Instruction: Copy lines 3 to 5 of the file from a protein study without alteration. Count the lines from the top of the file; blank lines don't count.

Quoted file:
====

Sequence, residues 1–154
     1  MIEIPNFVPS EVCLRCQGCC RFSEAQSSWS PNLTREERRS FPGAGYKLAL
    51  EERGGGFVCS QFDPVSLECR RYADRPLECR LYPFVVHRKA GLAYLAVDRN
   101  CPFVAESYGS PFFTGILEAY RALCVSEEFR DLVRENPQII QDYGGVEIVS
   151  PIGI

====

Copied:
    51  EERGGGFVCS QFDPVSLECR RYADRPLECR LYPFVVHRKA GLAYLAVDRN
   101  CPFVAESYGS PFFTGILEAY RALCVSEEFR DLVRENPQII QDYGGVEIVS
   151  PIGI